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Archiver > SOG-UK > 1999-12 > 0945006681

From: "Diana Mehew" <>
Date: Sun, 12 Dec 1999 13:51:21 -0000

Dear David

Thanks very much for all the information which you gave to me, I really
appreciate it. You are right, it is the Cataraqui in which I am interested.
One of the emigrants was Emmanuel Franklin (shown as Samuel in transcripts).
He was the eldest son of my 3xgreatgrandfather, and came from Eyeworth, a
small village of about 150 people in east Bedfordshire.

Some time ago I asked a very distant relative who lives in Australia whether
she could find out anything about the shipwreck, as I'd been unable to find
anything on internet. She sent me a few photocopied sheets from "Dire
Strait" A History of Bass Strait by Charles Bateson. This also refers to
Solomon Brown from Sutton in Bedfordshire (this is about 2 miles from
Eyeworth), but adds that he didn't survive his ordeal for long, He was found
drowned three years later in a creek near Melbourne, the water in which was
only eighteen inches deep.

In Bedford Record Office I found the original churchwarden accounts for
Eyeworth which details the money raised by local people to pay for the
emigrants to go. I feel sure it would have a great effect on the local
population, but so far haven't found any record of it in this country. It's
interesting to learn that it is remembered so well in Australia. I wonder
where the plaque or memorial is in England. I would like to get a copy of
the book you mention - do you have Hargreen Publishing's address so I can
contact them to this effect.

Thanks again for your help.


-----Original Message-----
From: David W. Weatherill <>
To: <>
Cc: <>
Date: 06 December 1999 21:56

|Hi Again Diane;
| Following my last message to you, the ship I would assume would be the
|"CATARAQUI" that was wrecked on the rocks of King Island on the 4th August,
|1845. King Island is one of the islands in Bass Stait, between Victoria and
| The CATARAQUI was an 800-ton barque built in Quebec in 1840 and
|purchased by William Smith & Sons of Liverpool. The firm decided to enter
|the emigrant trade to Australia, and looked at getting people from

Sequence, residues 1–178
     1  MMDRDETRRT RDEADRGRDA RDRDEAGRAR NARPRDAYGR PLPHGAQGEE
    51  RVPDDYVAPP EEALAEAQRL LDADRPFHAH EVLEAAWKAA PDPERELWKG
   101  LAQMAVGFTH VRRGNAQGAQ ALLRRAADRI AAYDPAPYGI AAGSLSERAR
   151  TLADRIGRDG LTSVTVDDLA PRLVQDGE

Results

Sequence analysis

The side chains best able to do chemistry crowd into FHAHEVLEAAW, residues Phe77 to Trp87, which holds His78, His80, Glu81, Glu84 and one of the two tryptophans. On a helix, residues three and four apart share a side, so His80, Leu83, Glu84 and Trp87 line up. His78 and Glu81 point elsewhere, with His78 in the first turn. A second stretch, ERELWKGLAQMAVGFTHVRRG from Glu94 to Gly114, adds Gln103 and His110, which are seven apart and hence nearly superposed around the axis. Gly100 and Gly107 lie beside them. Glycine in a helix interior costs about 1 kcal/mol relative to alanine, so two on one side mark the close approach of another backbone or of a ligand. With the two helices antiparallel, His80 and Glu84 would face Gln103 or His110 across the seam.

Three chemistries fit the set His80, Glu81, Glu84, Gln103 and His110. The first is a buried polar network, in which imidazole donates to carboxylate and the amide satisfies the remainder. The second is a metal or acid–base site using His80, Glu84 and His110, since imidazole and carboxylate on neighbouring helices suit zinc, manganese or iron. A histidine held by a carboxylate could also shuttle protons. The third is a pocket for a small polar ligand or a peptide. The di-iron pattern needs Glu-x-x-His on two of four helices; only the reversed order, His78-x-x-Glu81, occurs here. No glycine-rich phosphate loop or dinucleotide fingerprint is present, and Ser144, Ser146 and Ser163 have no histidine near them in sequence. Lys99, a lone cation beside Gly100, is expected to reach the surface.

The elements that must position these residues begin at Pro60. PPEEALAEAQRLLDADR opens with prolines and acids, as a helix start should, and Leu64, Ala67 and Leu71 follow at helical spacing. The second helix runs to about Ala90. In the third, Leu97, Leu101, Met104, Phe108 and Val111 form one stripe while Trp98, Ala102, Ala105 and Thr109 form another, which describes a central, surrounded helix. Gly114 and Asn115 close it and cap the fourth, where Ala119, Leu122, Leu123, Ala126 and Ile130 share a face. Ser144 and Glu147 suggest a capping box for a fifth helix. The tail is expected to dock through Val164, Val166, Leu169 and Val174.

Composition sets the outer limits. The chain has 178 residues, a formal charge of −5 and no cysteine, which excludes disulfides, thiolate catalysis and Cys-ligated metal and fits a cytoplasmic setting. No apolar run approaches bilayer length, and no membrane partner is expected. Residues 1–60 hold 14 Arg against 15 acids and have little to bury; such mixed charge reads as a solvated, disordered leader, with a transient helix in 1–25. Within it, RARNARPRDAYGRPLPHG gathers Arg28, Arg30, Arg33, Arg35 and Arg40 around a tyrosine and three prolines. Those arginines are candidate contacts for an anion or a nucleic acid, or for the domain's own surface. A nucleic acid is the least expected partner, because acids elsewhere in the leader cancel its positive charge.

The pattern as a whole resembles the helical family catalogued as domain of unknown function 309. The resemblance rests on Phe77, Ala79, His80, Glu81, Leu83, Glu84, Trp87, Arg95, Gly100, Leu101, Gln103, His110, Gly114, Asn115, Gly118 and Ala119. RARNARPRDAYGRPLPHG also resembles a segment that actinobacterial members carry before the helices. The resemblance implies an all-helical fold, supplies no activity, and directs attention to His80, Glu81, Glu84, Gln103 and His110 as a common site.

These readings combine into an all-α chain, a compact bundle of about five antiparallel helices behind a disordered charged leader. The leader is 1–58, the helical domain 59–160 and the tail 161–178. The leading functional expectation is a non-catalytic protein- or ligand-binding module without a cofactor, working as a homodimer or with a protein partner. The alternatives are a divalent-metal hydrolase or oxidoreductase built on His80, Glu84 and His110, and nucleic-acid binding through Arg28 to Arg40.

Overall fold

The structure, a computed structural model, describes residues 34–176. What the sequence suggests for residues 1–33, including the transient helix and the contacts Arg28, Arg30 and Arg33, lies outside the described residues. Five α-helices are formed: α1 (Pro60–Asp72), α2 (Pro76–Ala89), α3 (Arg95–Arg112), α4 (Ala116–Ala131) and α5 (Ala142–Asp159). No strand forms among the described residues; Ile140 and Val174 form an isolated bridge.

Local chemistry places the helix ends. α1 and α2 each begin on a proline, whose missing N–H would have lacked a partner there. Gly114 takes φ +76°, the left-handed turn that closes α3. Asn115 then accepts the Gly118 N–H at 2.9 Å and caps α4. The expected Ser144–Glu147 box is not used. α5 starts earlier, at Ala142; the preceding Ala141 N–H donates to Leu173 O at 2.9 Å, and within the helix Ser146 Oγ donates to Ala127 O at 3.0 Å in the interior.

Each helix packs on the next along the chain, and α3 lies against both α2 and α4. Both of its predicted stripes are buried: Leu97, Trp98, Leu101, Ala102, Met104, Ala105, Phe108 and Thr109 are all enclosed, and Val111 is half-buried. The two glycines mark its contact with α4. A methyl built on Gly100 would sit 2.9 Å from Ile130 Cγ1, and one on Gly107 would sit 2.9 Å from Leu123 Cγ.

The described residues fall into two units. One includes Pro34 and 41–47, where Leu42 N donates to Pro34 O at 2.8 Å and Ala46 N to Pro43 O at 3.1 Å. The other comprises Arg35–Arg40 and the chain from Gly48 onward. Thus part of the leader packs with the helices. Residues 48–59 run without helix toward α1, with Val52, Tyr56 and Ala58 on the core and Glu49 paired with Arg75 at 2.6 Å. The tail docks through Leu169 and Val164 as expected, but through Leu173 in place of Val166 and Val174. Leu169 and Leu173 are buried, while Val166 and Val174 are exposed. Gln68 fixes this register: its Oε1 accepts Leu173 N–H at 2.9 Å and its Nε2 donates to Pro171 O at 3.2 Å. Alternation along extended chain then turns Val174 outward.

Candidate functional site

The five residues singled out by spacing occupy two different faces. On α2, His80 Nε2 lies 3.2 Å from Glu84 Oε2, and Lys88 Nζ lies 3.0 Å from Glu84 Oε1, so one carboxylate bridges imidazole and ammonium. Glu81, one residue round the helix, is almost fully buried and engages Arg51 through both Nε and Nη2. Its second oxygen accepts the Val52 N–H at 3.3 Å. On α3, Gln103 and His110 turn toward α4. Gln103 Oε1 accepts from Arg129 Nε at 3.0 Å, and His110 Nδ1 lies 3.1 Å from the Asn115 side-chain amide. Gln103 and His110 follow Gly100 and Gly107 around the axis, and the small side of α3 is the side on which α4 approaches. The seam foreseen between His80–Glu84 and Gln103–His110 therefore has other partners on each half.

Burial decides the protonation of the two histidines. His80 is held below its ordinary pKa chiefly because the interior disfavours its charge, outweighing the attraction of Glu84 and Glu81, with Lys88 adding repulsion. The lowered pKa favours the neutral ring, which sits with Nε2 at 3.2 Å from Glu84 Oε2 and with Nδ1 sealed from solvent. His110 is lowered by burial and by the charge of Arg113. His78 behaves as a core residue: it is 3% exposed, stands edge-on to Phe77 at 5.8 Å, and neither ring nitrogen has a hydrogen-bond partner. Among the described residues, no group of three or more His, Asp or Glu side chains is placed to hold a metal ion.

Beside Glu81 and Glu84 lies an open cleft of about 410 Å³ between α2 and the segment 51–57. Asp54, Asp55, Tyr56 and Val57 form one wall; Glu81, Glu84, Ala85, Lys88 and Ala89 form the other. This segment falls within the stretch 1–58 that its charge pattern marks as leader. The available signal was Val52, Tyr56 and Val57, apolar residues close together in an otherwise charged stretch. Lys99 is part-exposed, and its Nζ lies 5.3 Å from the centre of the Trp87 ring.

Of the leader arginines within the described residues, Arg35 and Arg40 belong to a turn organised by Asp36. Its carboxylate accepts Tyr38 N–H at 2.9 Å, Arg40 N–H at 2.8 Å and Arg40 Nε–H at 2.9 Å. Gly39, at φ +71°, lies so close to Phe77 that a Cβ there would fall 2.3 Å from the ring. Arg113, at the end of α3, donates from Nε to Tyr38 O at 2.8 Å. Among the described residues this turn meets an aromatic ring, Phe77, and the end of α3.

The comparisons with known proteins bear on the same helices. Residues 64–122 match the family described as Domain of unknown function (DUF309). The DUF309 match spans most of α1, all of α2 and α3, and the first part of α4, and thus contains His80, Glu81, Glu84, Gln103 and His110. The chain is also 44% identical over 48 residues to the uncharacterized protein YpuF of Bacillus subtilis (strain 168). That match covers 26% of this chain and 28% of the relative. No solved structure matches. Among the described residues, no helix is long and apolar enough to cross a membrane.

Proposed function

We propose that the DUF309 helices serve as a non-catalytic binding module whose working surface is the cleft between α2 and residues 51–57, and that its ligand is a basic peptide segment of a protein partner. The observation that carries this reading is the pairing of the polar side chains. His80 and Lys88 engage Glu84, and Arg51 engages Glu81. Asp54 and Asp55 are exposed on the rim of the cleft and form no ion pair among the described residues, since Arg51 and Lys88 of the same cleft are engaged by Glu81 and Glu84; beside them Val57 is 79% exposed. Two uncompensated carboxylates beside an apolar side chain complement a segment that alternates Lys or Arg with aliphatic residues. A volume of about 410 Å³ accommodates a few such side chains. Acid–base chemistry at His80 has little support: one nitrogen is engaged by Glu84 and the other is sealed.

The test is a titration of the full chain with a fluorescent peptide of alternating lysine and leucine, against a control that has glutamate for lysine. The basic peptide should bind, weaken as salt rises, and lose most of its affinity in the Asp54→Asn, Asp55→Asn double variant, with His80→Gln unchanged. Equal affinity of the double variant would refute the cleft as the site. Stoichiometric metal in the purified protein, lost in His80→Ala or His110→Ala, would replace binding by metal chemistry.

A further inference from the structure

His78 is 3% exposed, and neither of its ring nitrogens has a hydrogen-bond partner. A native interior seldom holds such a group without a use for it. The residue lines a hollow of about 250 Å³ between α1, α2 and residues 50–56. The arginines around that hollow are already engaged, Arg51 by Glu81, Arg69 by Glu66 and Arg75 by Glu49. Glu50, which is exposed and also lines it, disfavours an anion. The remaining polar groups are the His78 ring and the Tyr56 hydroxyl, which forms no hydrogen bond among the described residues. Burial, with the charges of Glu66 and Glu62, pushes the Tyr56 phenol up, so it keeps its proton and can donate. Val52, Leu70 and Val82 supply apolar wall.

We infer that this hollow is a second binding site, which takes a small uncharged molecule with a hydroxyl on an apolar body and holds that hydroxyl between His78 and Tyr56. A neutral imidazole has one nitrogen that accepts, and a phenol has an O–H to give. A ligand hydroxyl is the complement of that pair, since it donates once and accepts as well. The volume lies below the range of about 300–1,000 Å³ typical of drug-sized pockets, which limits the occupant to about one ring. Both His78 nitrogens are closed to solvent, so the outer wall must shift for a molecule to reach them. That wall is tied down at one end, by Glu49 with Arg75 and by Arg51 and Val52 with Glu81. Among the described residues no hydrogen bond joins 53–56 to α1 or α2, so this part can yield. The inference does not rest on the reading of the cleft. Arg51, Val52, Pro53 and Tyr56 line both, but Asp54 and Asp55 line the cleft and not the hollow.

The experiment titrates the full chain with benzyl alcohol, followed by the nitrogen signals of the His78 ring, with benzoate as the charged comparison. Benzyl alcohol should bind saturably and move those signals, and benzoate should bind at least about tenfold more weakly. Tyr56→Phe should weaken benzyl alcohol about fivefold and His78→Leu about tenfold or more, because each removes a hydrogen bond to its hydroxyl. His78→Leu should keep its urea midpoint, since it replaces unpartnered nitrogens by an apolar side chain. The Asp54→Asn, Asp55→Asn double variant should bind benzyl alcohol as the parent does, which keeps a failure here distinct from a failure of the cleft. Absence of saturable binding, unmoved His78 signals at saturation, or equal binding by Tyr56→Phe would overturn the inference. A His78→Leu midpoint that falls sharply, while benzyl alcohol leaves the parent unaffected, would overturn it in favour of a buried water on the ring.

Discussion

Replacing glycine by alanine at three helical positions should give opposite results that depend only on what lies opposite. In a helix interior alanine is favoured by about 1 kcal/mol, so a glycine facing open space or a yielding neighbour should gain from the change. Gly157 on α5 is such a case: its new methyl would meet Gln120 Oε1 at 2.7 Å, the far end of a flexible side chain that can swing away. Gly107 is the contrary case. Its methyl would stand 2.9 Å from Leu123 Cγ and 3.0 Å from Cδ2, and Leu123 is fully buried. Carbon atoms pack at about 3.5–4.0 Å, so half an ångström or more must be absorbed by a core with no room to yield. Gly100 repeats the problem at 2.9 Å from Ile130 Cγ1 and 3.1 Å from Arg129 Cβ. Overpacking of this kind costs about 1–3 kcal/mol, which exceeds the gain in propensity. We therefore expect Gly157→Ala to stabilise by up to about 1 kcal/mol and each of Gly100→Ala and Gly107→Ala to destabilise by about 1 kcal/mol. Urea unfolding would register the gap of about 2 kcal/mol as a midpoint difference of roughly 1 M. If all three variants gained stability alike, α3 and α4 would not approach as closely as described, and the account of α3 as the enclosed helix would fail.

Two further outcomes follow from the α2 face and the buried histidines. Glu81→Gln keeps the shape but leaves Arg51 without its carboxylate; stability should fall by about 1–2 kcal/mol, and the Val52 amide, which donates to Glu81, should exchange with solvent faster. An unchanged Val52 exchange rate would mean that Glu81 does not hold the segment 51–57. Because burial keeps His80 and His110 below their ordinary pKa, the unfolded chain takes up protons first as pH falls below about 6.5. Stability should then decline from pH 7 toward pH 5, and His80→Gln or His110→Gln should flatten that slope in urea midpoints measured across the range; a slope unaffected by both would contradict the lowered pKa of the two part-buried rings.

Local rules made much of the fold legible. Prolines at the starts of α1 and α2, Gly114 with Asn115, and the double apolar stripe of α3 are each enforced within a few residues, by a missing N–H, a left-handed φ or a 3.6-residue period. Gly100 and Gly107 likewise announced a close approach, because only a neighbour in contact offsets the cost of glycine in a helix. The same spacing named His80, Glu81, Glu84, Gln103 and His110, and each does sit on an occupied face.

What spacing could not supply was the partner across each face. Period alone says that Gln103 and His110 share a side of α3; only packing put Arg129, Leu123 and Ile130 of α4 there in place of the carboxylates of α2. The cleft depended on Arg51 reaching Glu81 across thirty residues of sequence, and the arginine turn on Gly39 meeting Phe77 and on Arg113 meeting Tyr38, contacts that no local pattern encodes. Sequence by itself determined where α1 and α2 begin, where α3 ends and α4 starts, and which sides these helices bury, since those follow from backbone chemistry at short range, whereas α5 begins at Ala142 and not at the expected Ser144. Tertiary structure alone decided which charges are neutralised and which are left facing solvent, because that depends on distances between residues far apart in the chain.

|Oxfordshire, Bedfordshire and other English counties to make the voyage.
| The ship left Liverpool on the 20th April, 1845 with a total of 370
|emigrants, made up of 62 family groups - 314 individuals, as well as 33
|single woman and 23 single men. 6 children died on the voyage and 5 were
| The survivors of the shipwreck were 8 crew and one passenger. The one
|passenger being Solomon Brown - 30 year old farmhand from Sutton in
|Bedfordshire. His wife, Hannah, and their 4 children died in wreck along
|with 395 other passengers and crew.
| I read about the shipwreck a couple of years ago when my wife and I
|visited King Island for a holiday. There is a large write up on it at the
|King Island Historical Society. King Island had quite a few shipwrecks on
|its coastline as the island is in the middle of Bass Strait. The sailing
|conditions in Bass Strait can be very dangerous when the weather decides to
|vent its fury in the area.
| The story of the ship and the disaster has been well written in the
|following book:
|LEMON, Andrew & Marjorie MORGAN
| "POOR SOULS, THEY PERISHED - The Cataraqui: Australia's
| Worst Shipwreck"
| North Melbourne, Victoria: Hargreen Publishing, 1986
| 188 pages.
|This is an excellent and extensively researched book. It lists the
|passengers and crew as an appendix.
|The local newspapers also wrote up the shipwreck. It received quite a large
|amount of publicity.
|I also believe that there is a plague or memorial(?) to the people on the
|ship in a church in England. I think I remember reading something about it.
|Also, all around the shoreline at King Island are memorials (there is one
|for the Cataraqui-I photographed it) and signs regarding the many ships
|that were wrecked. The bodies from the wrecked CATARAQUI were collected and
|buried in 5 graves. A further 40 bodies were later found and buried in
|various graves. In all, 342 bodies were found and buried.
|The small number of survivors - 1 passenger and crew were found on the
|beach huddled together by sealers who looked after them for a month until
|the cutter,"MIDGE" arrived on the 7th September and took them to safety.
|The one surviving passenger, Solomon Brown, is believed to have then worked
|as a farmhand, married and had a family.
|My wife had ancestors who were also shipwrecked on the rocks around King
|Island. This was one of the reasons we made the trip. This ship was the
|"NETHERBY" which struck the rocks in 1866. Fortunately there was the loss
|of life from this ship as there was from the "CATARAQUI".
|I hope I have identified your ship and provided some information on it. If
|you have any further question, just ask.
|Kindest regards,
| ,-._|\ David W. Weatherill E-Mail:
|/ \ 86 Moreton Crescent, Bundoora Victoria 3083 Australia
|\_,--.*/ * WEATHERILL & SITLINGTON One Name Studies [GOONS 2846]
| V * President: The Genealogical Society of Victoria Inc.

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